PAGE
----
Let’s create the EDB Postgres Replication Server between Oracle Logical Standby and EDB Postgres. We will be leveraging the EDB Postgres Replication Server command line interface for building publications and subscriptions. If you are not familiar with the EDB Postgres Replication Server command line interface options, please refer to the following link for more information:

https://www.enterprisedb.com/docs/en/6.0/repguide/EDB_Postgres_Replication_Server_Users_Guide.1.59.html#

  1. Add Oracle as the publication database in the EDB Postgres Replication Server. The following command can be used to add the database:
[root@epas95 /]# . /usr/ppas-xdb-6.0/etc/sysconfig/xdbReplicationServer-60.config
[root@epas95 /]# ${JAVA_EXECUTABLE_PATH} -jar /usr/ppas-xdb-6.0/bin/edb-repcli.jar \
    -addpubdb \
>   -repsvrfile ${PUBCONF} \
>   -dbtype oracle \
>   -dbhost 172.17.0.3 \
>   -dbport 1521 \
>   -dbuser ${ORAUSER} \
>   -dbpassword ${ORA_ENCRYPT_PASSWD}  \
>   -database ORCL
Adding publication database...
Publication database added successfully. Publication database id:1

Please note the publication database id: 1 and -dbhost: 172.17.0.3 which is the Logical Standby IP Address

  1. Execute the following anonymous PL/SQL block in Oracle Logical Standby as SYSDBA:
BEGIN
 FOR s IN (SELECT TRIGGER_NAME FROM ALL_TRIGGERS WHERE OWNER ='PUBUSER')
 LOOP
         IF DBMS_DDL.IS_TRIGGER_FIRE_ONCE('PUBUSER', s.TRIGGER_NAME)
         THEN
                DBMS_DDL.set_trigger_firing_property( 
                trig_owner => 'PUBUSER',  
                trig_name => s.trigger_name,   
                fire_once => FALSE);
        END IF;
 END LOOP;
END;
/

/

The DBA/User should execute the above PL/SQL block in Oracle Logical Standby to make sure triggers fire when a process changes the base table. By default, in Oracle Logical Standby, triggers never get fired properly in STANDBY guard status.

  1. Add the subscription database in EDB Postgres Replication Server. The following command can be used for adding the subscription database. In our case, we have the EDB Postgres database add:
[root@epas95 /]# ${JAVA_EXECUTABLE_PATH} -jar /usr/ppas-xdb-6.0/bin/edb-repcli.jar \
-addsubdb \
>   -repsvrfile ${SUBCONF} \
>   -dbtype enterprisedb \
>   -dbhost 172.17.0.4 \
>   -dbport 5432 \
>   -dbuser ${PGUSER} \
>   -dbpassword ${PG_ENCRYPT_PASSWD}  \
>   -database orcl
Adding Subscription Database...
Subscription database added successfully. Subscription Database id:1006

Please note the subscription database id: 1006 and -dbhost: 172.17.0.3, which is the EDB Postgres server IP address.

  1. Before creating a publication and subscription, first change the GUARD status to NONE in the Oracle Logical Standby as given below:
SQL> ALTER DATABASE GUARD NONE;

Database altered.

The above change is needed because the EDB Postgres Replication Server acquires a LOCK on tables, managed by logical standby, for creating triggers for publication.

  1. Create publication for table: REPLICATION.REPLICATION_TABLE:
[root@epas95 /]# ${JAVA_EXECUTABLE_PATH} -jar /usr/ppas-xdb-6.0/bin/edb-repcli.jar \
-createpub replication_table \
>            -repsvrfile ${PUBCONF} \
>            -pubdbid 1 \
>            -reptype t \
>            -tables REPLICATION.REPLICATION_TABLE \
>            -repgrouptype s
Creating publication...
Tables:[[REPLICATION.REPLICATION_TABLE, TABLE]]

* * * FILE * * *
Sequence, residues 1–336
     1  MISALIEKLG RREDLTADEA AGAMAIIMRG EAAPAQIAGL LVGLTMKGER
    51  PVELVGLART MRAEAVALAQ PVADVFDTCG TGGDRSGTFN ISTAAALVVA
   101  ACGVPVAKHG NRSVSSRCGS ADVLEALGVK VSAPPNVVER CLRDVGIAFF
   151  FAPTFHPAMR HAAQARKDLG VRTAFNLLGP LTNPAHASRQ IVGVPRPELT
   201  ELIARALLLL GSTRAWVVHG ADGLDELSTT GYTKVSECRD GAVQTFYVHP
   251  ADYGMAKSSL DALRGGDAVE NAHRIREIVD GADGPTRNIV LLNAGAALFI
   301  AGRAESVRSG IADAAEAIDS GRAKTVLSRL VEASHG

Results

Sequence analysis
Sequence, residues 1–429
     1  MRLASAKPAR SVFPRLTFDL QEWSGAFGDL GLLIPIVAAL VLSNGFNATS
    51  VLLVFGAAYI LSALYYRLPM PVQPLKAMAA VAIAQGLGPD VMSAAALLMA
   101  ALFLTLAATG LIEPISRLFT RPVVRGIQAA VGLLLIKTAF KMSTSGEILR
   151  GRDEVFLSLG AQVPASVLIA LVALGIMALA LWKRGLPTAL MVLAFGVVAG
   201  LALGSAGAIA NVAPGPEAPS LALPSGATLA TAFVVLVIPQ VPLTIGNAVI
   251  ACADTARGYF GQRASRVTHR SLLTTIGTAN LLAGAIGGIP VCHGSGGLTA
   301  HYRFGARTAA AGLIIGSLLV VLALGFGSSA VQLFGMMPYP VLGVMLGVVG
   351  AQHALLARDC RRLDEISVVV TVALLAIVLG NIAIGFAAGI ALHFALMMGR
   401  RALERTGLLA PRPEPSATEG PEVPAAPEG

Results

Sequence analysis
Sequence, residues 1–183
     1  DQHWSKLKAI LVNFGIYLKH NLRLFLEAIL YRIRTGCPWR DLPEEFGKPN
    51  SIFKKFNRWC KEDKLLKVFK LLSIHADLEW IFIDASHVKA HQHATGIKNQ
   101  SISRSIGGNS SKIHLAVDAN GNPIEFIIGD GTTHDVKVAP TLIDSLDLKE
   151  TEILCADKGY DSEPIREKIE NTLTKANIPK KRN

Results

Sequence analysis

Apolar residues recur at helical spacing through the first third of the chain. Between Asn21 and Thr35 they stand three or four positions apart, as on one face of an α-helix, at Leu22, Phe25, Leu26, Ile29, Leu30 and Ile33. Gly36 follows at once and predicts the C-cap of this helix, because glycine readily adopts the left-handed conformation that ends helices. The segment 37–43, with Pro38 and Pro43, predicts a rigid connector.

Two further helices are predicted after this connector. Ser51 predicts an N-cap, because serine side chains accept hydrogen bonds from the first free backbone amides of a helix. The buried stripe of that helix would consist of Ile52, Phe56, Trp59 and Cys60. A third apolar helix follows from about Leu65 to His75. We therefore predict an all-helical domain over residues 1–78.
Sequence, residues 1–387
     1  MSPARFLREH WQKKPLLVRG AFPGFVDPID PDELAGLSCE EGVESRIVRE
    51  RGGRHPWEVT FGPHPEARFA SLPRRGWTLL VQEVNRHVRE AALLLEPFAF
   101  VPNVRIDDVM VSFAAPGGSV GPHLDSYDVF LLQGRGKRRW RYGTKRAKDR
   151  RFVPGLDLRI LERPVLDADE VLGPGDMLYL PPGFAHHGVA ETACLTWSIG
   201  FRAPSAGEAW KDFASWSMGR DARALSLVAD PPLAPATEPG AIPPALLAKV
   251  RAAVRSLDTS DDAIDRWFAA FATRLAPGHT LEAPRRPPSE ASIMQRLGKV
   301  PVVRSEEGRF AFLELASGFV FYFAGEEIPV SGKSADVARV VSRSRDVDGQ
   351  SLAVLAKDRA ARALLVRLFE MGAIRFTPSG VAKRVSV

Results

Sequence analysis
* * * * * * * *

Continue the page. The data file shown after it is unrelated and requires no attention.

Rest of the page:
Filter clause:[]
Publication created.
  1. After creating the publication, please use the following anonymous block to set the EDB Postgres Replication Server trigger property to fire every time there is a change to the base table.
BEGIN
 FOR s IN (SELECT TRIGGER_NAME FROM ALL_TRIGGERS WHERE OWNER ='PUBUSER')
 LOOP
         IF DBMS_DDL.IS_TRIGGER_FIRE_ONCE('PUBUSER', s.TRIGGER_NAME)
         THEN
                DBMS_DDL.set_trigger_firing_property( 
                trig_owner => 'PUBUSER',  
                trig_name => s.trigger_name,   
                fire_once => FALSE);
        END IF;
 END LOOP;
END;
/
  1. Create subscription for publication: replication_table (created in step 5) using following command:
[root@epas95 /]# ${JAVA_EXECUTABLE_PATH} -jar /usr/ppas-xdb-6.0/bin/edb-repcli.jar \
-createsub replication_table \
>   -subsvrfile ${SUBCONF} \
>   -subdbid 1006 \
>   -pubsvrfile ${PUBCONF} \
>   -pubname replication_table
Creating subscription...
Subscription created successfully
  1. After creating the subscription, re-execute the anonymous block to set EDB Postgres Replication Server trigger property:
BEGIN
 FOR s IN (SELECT TRIGGER_NAME FROM ALL_TRIGGERS WHERE OWNER ='PUBUSER')
 LOOP
         IF DBMS_DDL.IS_TRIGGER_FIRE_ONCE('PUBUSER', s.TRIGGER_NAME)
         THEN
                DBMS_DDL.set_trigger_firing_property( 
                trig_owner => 'PUBUSER',  
                trig_name => s.trigger_name,   
                fire_once => FALSE);
        END IF;
 END LOOP;
END;
/
  1. After creating a subscription, rollback the GUARD status to STANDBY in Oracle Logical Standby as shown below:
SQL> ALTER DATABASE GUARD STANDBY;

Database altered.

Now, we are ready to replicate data from Oracle Logical Standby to EDB Postgres.

Let’s first take the snapshot of data from Oracle Logical Standby to EDB Postgres using the following command:

[root@epas95 /]# ${JAVA_EXECUTABLE_PATH} -jar /usr/ppas-xdb-6.0/bin/edb-repcli.jar\
-dosnapshot replication_table \
-repsvrfile ${SUBCONF} \
-verboseSnapshotOutput true
Performing snapshot...
Running EnterpriseDB Migration Toolkit (Build 49.1.5) ...
Source database connectivity info...
conn =jdbc:oracle:thin:@172.17.0.3:1521:ORCL
user =pubuser
password=******
Target database connectivity info...
conn =jdbc:edb://172.17.0.4:5432/orcl?loginTimeout=60&connectTimeout=30
user =pubuser
password=******
Connecting with source Oracle database server...
Connected to Oracle, version 'Oracle Database 12c Enterprise Edition Release 12.1.0.2.0 - 64bit Production